“Permanent changes to the recreational cannabis market relate to the changes made to make shopping safer,” she says. “Curbside pickup and delivery options, which were limited to certain markets prior to COVID-19, are becoming more widely available. Like many other CPGs, consumers stockpiled cannabis products in the earlier days of COVID-19 and have begun to return to more typical purchasing patterns.”
Already a multi-billion dollar industry, the contribution from the beverage market, however, remains limited. Maturo notes that cannabis-infused beverages account for between 1.5 and 3 percent of the greater cannabis market, but that doesn’t mean the category is without -potential.
“That said, we believe that beverages will ascend to being one of the predominant hemp-CBD formats, as they are slated to play a larger role in the legal marijuana space than they have previously,” Maturo says.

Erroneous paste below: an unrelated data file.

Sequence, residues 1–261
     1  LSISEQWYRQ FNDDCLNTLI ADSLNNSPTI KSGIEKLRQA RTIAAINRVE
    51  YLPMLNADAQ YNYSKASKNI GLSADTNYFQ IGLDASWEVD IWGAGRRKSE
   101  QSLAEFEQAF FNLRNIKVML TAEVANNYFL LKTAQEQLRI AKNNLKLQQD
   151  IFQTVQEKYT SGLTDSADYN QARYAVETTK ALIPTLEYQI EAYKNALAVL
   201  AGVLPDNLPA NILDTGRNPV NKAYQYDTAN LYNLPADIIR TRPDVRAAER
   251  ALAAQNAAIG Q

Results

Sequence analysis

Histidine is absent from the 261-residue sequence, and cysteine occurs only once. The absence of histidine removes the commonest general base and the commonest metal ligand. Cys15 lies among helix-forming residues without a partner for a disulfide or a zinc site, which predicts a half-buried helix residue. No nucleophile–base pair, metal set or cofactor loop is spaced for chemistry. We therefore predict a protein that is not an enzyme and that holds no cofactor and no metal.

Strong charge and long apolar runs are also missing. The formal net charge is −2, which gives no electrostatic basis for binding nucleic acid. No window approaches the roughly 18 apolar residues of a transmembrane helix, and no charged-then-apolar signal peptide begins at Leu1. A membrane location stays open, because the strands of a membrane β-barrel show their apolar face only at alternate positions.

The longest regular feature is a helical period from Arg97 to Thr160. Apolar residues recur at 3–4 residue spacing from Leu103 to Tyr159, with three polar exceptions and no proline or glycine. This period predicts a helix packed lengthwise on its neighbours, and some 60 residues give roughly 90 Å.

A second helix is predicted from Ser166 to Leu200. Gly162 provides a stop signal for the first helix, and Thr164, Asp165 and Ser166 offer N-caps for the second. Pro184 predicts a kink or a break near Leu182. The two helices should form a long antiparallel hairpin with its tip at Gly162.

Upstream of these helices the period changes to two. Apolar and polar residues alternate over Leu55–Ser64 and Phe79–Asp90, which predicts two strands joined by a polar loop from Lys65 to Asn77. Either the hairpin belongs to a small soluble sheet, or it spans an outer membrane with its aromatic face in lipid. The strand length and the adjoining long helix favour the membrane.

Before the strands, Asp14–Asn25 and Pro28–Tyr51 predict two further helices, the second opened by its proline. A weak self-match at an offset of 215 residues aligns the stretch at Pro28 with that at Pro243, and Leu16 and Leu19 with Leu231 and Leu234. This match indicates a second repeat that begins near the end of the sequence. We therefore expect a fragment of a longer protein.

Cannabis’ role in new product development within beverages, however, likely will look different in terms of the non-alcohol and alcohol spaces, experts note.
“Cannabis foods and beverages are not poised to eclipse adult beverages,” Mintel’s Scott says. “Alcohol is perceived as more social, while cannabis tends to be an at-home experience aimed at winding down, relaxing and reducing stress. However, competition is still present: Generation Z is drinking less, and 32 percent of consumers are willing to replace alcohol with cannabis beverages.”
Nielsen’s Maturo also notes that the predictions of negative impacts on beverage alcohol from legal cannabis, particularly marijuana, have not materialized in the early going.